“We wanted smaller classrooms,” Choe said. “We really liked Bellarmine on our tour. It just felt like we weren’t a number.” 

Chloe is interested in Bellarmine’s study abroad program. Samuel likes Bellarmine’s internship guarantee.  

“Business administration is a broad major, so an internship can help me narrow down what I want to do in my career,” he said. 

Stephanie said she didn’t push the quints toward any college in particular, but she is pleased with their choice. “I think it’s pretty awesome,” she said. “I did not think they would all go to Bellarmine. But there’s the small classes, easier campus and all kinds of things Bellarmine offers. We are very happy.” 

Quint life 

The Powells are the first surviving set of quintuplets born in Kentucky. Quints are extremely rare; fewer than 20 sets are born in the U.S. each year. Jacob and Jackson are identical twins, while the others are fraternal. 

“The joke used to be, people would say, ‘We haven’t seen quintuplets,’ and we’d say, ‘Well, we hadn’t either,’” Stephanie said.  

But when asked how they feel about being so special, the quints shrug it off as normal life for them.  

“The only impressive thing to me was our mom being pregnant with five; that must have been so hard,” Samuel said.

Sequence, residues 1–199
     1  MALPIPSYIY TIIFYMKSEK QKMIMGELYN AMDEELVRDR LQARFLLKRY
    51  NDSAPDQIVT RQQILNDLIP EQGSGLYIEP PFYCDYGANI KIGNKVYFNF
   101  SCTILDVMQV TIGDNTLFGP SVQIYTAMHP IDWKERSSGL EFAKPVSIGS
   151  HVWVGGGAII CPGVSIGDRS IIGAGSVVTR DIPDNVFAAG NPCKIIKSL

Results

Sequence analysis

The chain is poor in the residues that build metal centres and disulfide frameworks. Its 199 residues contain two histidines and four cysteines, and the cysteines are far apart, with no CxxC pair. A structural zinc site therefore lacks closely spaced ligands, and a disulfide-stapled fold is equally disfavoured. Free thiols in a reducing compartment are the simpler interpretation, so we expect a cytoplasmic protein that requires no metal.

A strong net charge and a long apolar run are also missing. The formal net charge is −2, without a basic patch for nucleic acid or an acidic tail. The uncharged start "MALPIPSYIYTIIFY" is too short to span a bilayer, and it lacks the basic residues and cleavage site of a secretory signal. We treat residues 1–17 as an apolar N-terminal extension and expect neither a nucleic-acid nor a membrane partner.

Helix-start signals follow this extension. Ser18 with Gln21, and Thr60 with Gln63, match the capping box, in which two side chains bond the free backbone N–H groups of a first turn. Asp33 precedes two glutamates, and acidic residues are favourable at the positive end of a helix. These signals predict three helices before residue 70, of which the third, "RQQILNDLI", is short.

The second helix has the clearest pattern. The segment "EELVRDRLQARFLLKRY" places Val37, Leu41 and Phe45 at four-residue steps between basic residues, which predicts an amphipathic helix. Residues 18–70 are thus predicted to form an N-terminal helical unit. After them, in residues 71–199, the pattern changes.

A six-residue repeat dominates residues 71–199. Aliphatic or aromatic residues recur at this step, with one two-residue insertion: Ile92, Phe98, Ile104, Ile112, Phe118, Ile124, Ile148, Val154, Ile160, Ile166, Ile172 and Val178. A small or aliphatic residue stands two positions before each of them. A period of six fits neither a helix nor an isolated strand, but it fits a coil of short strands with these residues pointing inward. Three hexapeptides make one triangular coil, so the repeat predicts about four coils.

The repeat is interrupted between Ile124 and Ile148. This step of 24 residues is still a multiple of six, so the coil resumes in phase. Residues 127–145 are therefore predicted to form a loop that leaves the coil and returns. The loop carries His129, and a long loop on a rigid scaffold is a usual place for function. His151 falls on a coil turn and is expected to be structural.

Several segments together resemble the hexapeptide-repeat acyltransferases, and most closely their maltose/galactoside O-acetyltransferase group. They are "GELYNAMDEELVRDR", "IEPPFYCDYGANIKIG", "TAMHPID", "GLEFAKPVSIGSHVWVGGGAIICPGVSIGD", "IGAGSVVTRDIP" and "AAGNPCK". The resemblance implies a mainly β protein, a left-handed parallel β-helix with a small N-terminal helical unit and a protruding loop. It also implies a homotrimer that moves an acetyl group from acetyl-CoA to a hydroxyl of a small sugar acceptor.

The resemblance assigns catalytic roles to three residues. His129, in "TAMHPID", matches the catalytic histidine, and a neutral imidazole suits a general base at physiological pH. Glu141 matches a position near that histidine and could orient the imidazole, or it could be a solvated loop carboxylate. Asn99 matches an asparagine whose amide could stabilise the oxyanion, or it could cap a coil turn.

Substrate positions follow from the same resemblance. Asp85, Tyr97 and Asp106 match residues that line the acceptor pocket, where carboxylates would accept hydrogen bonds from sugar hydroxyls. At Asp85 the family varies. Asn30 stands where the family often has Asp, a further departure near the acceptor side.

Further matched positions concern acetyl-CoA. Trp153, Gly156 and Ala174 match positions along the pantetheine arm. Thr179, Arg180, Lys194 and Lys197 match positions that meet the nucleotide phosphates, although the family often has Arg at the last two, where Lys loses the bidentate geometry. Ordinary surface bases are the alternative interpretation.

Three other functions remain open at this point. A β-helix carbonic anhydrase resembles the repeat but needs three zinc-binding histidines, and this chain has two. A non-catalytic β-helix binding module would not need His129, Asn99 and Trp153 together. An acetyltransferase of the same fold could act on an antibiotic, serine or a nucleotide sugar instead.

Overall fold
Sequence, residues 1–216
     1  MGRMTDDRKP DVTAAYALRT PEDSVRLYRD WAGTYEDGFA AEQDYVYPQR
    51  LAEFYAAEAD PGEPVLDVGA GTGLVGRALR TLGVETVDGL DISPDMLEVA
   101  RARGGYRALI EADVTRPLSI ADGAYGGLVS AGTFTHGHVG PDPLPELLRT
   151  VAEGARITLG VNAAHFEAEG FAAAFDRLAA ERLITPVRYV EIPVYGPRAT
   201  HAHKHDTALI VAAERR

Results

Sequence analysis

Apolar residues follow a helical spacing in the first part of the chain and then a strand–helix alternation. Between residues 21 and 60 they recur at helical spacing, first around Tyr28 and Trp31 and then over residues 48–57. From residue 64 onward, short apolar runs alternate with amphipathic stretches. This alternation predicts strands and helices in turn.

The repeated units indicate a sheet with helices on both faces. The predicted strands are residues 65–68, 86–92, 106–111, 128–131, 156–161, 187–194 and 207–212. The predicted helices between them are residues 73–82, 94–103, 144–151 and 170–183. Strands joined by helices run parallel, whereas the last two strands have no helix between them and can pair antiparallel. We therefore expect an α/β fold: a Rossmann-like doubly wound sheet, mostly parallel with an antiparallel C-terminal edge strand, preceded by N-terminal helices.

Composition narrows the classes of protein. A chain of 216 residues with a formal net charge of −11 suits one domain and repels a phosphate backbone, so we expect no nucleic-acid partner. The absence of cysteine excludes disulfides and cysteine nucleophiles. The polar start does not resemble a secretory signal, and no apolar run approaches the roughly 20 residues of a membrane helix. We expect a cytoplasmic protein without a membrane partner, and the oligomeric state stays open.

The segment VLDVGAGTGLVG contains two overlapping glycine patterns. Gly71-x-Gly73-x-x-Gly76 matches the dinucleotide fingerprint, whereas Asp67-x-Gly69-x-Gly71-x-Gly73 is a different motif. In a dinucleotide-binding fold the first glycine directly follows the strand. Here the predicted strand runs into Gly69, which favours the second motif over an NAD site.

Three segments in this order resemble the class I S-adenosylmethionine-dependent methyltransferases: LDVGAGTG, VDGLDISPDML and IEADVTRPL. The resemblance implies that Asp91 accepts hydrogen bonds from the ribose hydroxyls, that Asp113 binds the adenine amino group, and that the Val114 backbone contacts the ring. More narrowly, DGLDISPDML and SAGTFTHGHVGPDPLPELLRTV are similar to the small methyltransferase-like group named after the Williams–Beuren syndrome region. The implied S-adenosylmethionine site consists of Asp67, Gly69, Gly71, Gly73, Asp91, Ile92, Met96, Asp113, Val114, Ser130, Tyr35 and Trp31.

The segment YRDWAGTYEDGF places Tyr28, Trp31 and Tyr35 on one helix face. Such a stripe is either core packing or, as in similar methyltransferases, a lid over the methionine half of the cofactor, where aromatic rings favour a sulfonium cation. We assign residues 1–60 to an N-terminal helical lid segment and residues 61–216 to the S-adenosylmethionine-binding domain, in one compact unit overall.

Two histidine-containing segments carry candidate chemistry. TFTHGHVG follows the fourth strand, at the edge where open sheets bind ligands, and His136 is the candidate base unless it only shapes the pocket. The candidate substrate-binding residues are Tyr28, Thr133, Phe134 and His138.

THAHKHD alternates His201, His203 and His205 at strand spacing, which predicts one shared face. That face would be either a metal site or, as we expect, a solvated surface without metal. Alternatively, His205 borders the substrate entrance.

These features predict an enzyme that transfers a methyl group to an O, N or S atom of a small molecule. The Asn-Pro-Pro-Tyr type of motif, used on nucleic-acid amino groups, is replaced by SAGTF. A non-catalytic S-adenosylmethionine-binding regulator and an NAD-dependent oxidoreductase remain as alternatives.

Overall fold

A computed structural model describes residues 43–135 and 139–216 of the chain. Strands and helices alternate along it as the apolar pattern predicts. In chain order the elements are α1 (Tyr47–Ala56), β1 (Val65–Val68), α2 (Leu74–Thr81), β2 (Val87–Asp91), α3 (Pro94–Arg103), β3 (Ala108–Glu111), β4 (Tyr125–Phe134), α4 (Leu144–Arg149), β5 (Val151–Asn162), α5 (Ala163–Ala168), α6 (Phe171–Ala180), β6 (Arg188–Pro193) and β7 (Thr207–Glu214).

Stephanie said there were trying times, like navigating the terrible twos and easing into the teenage years. But their family and their church family at Southeast Christian helped immensely, she said. Stephen worked as a photographer, currently at their church’s newspaper. Stephanie stayed home with the kids and homeschooled them but now works as a nurse. The quints also have a 9-year-old brother, Henry. 

"One challenge in a big family is spending quality time with each child,” Stephanie said. “We have always had a lot of fun as a family, but Steve and I have also tried to be intentional with connecting with each of our children individually. They are all very unique and so parenthood looks different for each child. Staying busy with good activities like church and sports has also been super helpful.” 

The quints look back at growing up as a daily party, with never a dull moment.  

“We were always together in the basement, playing dodgeball, making up all these games,” Chloe said. “We’d slide down chairs in life jackets. We just had a ball.”  

The family’s nadir came when Jacob was diagnosed with acute myeloid leukemia (AML), a type of blood cancer, when the quints were 12. He endured five months of chemo.  

It was scary, and the family, who were accustomed to always being together, found it hard to be apart with Jacob in the hospital. 

“I try not to think about it,” Chloe said.  

The treatments were successful, and Jacob has been cancer-free for four years. 

The experience made Jackson and Ella want to go into nursing. “It made me NOT want to do that,” Jacob joked.  

Ultimately, the quints say they’re ready for life at Bellarmine and working toward their future careers. 

“I just want to get started,” Chloe said.